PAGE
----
How to Embrace the Entrepreneurial Mindset From Founder of The Handwork Studio Laura Kelly

Laura Kelly is the Owner & President of The Handwork Studio. Laura has spent the last 17 years as an entrepreneur developing a curriculum and business around the idea of making handwork, machine sewing, and fashion available to kids.   

According to Laura, to embrace the entrepreneurial mindset you should be:

1) Focused: When you choose to pursue the entrepreneurial path, it can be easy to get distracted by shiny objects because they are more appealing or easier than doing the hard work necessary to fulfill your vision. Don’t abandon your dream. Instead, keep breathing life into your idea or business and continue to stay on your journey and commit to executing your vision. Avoid listening to outside noise and never compare yourself to others. One of the best ways to stay focused is to identify your long-term goal and then break it into micro goals, or mini milestones you can achieve on a daily basis.

2) Resilient: In the entrepreneurial world, oftentimes things do not go as expected. A vendor might cancel or you might experience an issue with product design. Other individuals might even tell you that your idea will never work. However, you can’t let setbacks or disappointment stop you from pursuing your dream. If what you want to achieve were easy, everyone would be doing it. I encourage you to flex your resilience muscle by failing fast. When things don’t go as planned, take a breath, reflect, and keep moving forward.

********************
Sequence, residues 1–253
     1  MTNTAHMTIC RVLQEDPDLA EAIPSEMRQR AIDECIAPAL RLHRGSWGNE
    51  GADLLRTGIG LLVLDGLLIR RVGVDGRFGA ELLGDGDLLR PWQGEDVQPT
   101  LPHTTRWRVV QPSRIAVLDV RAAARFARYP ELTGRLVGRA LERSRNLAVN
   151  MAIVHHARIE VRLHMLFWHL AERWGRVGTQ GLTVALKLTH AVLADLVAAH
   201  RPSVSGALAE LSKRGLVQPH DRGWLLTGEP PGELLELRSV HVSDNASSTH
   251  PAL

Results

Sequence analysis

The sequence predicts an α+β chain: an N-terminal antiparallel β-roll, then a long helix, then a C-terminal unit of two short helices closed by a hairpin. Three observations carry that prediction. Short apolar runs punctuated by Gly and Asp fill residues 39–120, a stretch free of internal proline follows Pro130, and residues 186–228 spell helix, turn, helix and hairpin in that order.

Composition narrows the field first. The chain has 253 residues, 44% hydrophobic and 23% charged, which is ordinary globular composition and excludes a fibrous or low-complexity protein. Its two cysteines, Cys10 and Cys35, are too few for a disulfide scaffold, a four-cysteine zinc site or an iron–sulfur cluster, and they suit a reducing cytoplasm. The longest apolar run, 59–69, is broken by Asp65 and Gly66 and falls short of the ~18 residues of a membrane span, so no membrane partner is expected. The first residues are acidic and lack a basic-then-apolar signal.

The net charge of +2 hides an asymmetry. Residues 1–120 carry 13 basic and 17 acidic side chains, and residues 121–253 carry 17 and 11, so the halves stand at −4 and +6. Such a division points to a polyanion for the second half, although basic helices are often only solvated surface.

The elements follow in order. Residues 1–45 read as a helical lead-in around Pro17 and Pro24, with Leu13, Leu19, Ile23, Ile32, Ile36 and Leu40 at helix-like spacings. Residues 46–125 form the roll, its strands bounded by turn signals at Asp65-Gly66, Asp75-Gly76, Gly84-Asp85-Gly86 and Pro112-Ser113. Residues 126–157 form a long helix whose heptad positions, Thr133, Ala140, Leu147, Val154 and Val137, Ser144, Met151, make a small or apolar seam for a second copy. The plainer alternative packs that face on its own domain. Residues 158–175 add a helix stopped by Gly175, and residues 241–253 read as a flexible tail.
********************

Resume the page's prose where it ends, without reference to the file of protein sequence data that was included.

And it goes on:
3) Adaptable: As an entrepreneur it is critical to be focused, but you have to be willing to change and adjust based on what you learn as you go. Don’t get too attached to one way of thinking or one idea. How you do things in the beginning of your business will not be the way you are doing business even a year from now. In fact, the only way you can really grow as an entrepreneur is to iterate—test ideas, analyze outcomes, come up with new processes, and then repeat!  

Laura Kelly is the Owner & President of The Handwork Studio. Her professional career began working in NYC—first in the travel industry then on Wall Street for a consulting firm that specialized in financial institutions. In those two careers, Laura put to use her Marketing degree that she earned from Northeastern University. As a child of the 60’s and 70’s, Laura’s crafting experience was limited. Her mom didn’t really do much of it as the feminist movement was in full swing and it was seen as traditional women’s work, so she never grew up surrounded by crafting. Laura had always longed to be an artist and took up knitting as a hobby after her children were born. However, Laura’s experience as a mother and her desire to build a business led her to create The Handwork Studio. Laura has spent the last 17 years as an entrepreneur developing a curriculum and business around the idea of making handwork, machine sewing, and fashion available to kids.   

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